C4D Python Party: Rigging Splines

Point auto-rig Update: Now with more control over your spline tangents! You can animate uneven tangents and corners more easily with the latest version. I've also made a tutorial about the latest rig.
Update: The first version of the script would flip your spline tangents, I've put an updated version here that fixes that.

Do you like animating splines? I love animating splines! They're great in lofts, extrudes, sweeps, lathes, spline wraps and all sorts of other places.

Cinema 4D lets you animate splines in a bunch of ways, including by directly moving their points around with PLAs - but these are a mixed blessing. They don't let you control their curves, and if you want to keyframe one point, every point gets keyframed.

This script, 'Point autorig', will create nulls for you that are linked to your spline's points. Animate the nulls' positions to move the spline, and for Bezier splines you can scale and rotate the nulls to change the spline's tangents.

To install the script:
1 Download it here (it's a freebie)
2 Unzip it into your scripts folder (eg "C:\Program Files\MAXON\CINEMA 4D R13\library\scripts\" on Windows, or "/Applications/MAXON/CINEMA 4D R13/library/scripts/" on OSX)

To use the script:
1 Select the spline you want to rig.
2 Run the script (click 'Script' > 'User Scripts' > 'point_autorig').
3 You'll end up with a bunch of new nulls under your spline, animate them!

This script will also work on FFDs and polygon objects (although you can quickly get a huge amount of nulls that way which are unwieldy to animate with, so I would only recommend it for objects with a small number of points).

I think it's quite exciting to be able to use scripts to automatically rig stuff for you. Joe showed me a rig for animating splines using the IK-Spline tag, which inspired me to see if Python can do that set up automatically. This script sets up the joints and tags necessary to animate your splines with IK-Splines. While I was messing about with that script I realised that since I was using Python anyway I didn't need the IK-Spline as the go-between for my nulls and my spline anymore (but maybe someone who wants to actually use the IK-Spline for joint rigging can modify it).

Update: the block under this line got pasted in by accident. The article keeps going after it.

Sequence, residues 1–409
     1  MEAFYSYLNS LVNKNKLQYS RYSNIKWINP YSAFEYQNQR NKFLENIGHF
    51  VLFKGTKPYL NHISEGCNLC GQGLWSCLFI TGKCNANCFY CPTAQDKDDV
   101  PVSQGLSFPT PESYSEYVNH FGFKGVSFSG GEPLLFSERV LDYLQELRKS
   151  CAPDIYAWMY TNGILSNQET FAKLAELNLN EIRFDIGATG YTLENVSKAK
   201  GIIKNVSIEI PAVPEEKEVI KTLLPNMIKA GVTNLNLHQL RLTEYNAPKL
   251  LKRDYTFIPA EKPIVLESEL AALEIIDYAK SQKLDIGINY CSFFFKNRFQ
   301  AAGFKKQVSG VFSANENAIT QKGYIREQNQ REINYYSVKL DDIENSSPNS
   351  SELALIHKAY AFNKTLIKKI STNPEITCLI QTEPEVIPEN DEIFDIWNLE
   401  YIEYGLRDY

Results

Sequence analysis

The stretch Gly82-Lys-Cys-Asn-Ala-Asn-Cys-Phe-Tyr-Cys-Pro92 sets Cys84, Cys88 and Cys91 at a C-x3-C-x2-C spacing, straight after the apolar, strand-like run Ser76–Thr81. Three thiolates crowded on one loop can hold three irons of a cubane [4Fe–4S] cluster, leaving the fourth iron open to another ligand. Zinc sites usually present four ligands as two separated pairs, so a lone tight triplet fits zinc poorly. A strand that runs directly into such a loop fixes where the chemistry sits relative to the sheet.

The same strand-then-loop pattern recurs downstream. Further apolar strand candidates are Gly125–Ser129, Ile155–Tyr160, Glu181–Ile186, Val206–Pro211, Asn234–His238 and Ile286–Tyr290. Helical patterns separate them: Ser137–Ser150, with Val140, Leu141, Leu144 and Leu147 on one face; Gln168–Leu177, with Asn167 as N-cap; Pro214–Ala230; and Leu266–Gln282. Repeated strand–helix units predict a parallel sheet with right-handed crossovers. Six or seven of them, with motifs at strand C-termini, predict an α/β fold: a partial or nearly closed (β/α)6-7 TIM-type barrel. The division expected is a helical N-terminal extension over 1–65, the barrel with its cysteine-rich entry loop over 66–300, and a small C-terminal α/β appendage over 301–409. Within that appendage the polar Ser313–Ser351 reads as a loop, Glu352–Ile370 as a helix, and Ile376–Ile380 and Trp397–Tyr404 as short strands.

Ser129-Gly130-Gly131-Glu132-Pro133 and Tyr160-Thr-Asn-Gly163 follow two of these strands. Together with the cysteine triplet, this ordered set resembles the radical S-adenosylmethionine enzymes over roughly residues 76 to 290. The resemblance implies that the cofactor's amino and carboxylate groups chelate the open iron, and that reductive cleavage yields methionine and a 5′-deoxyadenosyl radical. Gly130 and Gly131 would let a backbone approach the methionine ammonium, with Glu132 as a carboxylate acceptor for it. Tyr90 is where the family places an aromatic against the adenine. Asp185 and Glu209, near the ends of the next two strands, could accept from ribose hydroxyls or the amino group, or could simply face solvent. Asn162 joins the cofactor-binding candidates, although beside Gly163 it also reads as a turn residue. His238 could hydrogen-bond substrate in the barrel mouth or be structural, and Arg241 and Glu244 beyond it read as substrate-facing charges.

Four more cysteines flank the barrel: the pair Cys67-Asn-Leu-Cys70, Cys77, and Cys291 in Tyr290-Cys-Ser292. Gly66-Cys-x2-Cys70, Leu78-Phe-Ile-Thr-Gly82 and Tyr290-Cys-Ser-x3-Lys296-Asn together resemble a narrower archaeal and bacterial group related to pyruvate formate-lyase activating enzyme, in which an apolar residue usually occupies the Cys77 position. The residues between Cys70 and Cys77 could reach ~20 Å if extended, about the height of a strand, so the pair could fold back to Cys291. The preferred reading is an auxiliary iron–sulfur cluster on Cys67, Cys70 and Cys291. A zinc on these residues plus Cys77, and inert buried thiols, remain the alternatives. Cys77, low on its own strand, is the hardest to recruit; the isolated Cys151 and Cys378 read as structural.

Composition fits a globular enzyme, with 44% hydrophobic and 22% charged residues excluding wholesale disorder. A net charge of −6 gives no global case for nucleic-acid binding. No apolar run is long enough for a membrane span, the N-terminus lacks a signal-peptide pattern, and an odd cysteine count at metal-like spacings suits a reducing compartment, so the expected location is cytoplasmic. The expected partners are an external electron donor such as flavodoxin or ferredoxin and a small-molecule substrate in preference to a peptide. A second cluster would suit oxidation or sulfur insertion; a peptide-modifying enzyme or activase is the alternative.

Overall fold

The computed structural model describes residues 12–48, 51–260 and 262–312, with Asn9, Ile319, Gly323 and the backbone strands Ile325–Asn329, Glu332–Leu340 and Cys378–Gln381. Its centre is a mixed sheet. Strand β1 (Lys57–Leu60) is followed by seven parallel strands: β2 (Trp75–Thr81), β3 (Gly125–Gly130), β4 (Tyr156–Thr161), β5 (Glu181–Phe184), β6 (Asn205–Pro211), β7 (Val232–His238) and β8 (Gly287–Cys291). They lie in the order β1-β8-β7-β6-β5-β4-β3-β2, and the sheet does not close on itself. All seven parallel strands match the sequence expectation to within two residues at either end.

While writing the old script I also learnt about the 'CallButton' command, which appears on line 79:
79    c4d.CallButton(iktag, c4d.ID_CA_IKSPLINE_HANDLE_ADD)
I'm using that to fake a button click on the Spline-IK tag (passed as the first variable, I've called it 'iktag') - the second variable is the ID of the button you want to click.

Because you can't drag buttons onto your console it's a bit tougher to find what their ID values are. I ended up searching within Cinema 4D's resource files, which are full of files that describe all the GUI elements that go with each tool, object, tag etc - you can open these up in any text editor and read through them. The one that belongs to the Spline-IK tag is called 'tcaikspline.res', and on line 99 I found what I needed:
The second word is the ID we need to access that button in scripts, and you could use the 'CallButton' command on the 'Create' or 'Remove' buttons in the Spline-IK tag using their own ID values from the next two lines in that resource file. Or you could use Python to press any other button.

'CallButton' did give me an error when trying to use it from a python tag, so it seems it will only work inside 'User Scripts...' (and perhaps Python plugins, although I haven't tested that). It also messes about with your Undoing a bit - you can see this if you run the older script and try undoing it, you have to undo once for each point instead of once for the entire script. It seems C4D automatically adds an undo for every CallButton command (which is fair enough in case of horrible accidents), so even if you're adding your own undo events in your script extra undos are added for the button presses.

Thanks to Joe for sharing his IK-Spline knowledge, and also to Chiny who showed me the great trick of using Python scripts to set the code for a Python tag with multi-line strings.

That's all for now, see you next time!
Posted March 21, 2013